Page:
Dog Lure Coursing

What Is Dog Lure Coursing?

Hunting dogs are still very popular, but their working qualities nowadays are checked seldom in real practice. That's why such a trial as lure coursing appeared for sighthound dogs.

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Lure coursing is a dog sport that imitates chasing the prey in the field, which allows dogs to show their working qualities. In other words, coursing is running for a mechanical lure.

Lure Coursing Rules

The path length should be:

  • from 400 to 700 m for Whippets, Italian Greyhounds and Basenji;
  • from 500 to 1000 m for other breeds.

There are several turnings, including sharp ones in the coursing path. Therefore, the dog should have not only high speed, but also mobility, watchfulness and intelligence. Coursing is scored not for passing time, but according to several criteria, which characterize the dog: speed, enthusiasm, intelligence, agility, endurance.

FCI coursing rules identify 5 main criteria, according to which dogs are judged:


It's needed for catching the prey. Speed is demonstrated by quickness of the dog's movement along the field, its response on the lure sudden whistling off the start. The dog's speed is defined by agility and frequency of certain movements and also by headway fastness. As the time of course passing isn't measured, the speed is scored depending on how the dog presents itself. It's ideally when the dog covers ground.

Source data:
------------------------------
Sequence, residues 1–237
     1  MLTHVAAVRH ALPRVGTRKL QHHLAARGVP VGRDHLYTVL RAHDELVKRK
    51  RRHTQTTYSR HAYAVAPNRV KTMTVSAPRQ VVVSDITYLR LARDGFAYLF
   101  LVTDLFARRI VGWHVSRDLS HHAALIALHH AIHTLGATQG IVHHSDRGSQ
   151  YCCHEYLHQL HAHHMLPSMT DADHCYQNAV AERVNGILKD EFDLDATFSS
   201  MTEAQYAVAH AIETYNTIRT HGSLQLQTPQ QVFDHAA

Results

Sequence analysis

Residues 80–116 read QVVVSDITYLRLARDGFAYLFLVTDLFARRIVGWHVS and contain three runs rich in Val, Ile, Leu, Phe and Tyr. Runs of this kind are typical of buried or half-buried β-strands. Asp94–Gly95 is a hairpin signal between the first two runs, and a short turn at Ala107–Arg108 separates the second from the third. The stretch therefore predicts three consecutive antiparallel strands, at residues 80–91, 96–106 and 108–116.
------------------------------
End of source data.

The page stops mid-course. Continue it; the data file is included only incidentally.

When the dog shows eagerness of chasing the lure regardless of the course (rugged ground or with obstacles) and any unforeseen situations, such as missing a turn, falling down or losing sight of the lure.

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The dog should show:

Being on mark – its focused attention on the lure. While lure chasing – the dog should run after the lure constantly and eagerly, making an operator to speed up its motion, avoiding early catch. The dog should overcome an obstacle without hesitation. If the lure was left behind the dog, it should come back and continue the lure chasing.

When catching the lure – the dog has to grip the prey at full speed in a jump even if a dog-rival has already caught it.


The dog shows its intelligence while chasing the lure along the course by choosing the best position to catch the lure, by showing such agility, without which even the fastest dog would never grip the prey, by taking up the position between the lure and its motion path to prevent the lure escaping to rough ground.


Agility is showed:

  1. When the dog changes the direction quickly, following the lure turns.